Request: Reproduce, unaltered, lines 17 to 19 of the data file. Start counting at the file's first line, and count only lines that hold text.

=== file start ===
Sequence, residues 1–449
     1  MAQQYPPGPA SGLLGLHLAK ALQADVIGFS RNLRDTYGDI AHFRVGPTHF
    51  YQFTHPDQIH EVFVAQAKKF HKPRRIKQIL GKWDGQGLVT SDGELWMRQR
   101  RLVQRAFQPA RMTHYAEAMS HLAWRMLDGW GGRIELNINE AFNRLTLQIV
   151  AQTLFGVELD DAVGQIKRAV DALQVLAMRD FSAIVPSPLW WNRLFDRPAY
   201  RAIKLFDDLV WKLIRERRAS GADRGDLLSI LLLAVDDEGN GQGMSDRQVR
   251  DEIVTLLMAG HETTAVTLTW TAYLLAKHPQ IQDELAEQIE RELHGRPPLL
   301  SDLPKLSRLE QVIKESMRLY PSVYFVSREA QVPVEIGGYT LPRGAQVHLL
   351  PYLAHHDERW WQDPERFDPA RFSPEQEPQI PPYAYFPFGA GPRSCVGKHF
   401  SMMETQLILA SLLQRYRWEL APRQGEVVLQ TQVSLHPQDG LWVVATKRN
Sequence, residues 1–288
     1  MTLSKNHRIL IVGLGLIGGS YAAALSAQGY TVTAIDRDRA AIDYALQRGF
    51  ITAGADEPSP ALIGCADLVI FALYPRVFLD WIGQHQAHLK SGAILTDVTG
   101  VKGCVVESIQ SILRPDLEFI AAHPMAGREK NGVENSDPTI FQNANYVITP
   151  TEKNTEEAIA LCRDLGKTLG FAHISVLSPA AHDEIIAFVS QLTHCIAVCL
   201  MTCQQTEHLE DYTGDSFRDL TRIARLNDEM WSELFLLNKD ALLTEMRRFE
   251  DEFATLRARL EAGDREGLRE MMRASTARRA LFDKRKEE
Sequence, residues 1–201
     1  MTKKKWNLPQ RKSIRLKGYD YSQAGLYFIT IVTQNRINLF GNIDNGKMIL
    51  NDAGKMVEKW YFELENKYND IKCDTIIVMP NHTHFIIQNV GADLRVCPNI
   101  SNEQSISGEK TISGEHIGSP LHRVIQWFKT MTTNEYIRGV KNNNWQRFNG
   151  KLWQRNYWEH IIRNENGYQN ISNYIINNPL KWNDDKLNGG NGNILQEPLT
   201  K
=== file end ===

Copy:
   251  DEFATLRARL EAGDREGLRE MMRASTARRA LFDKRKEE
Sequence, residues 1–201
     1  MTKKKWNLPQ RKSIRLKGYD YSQAGLYFIT IVTQNRINLF GNIDNGKMIL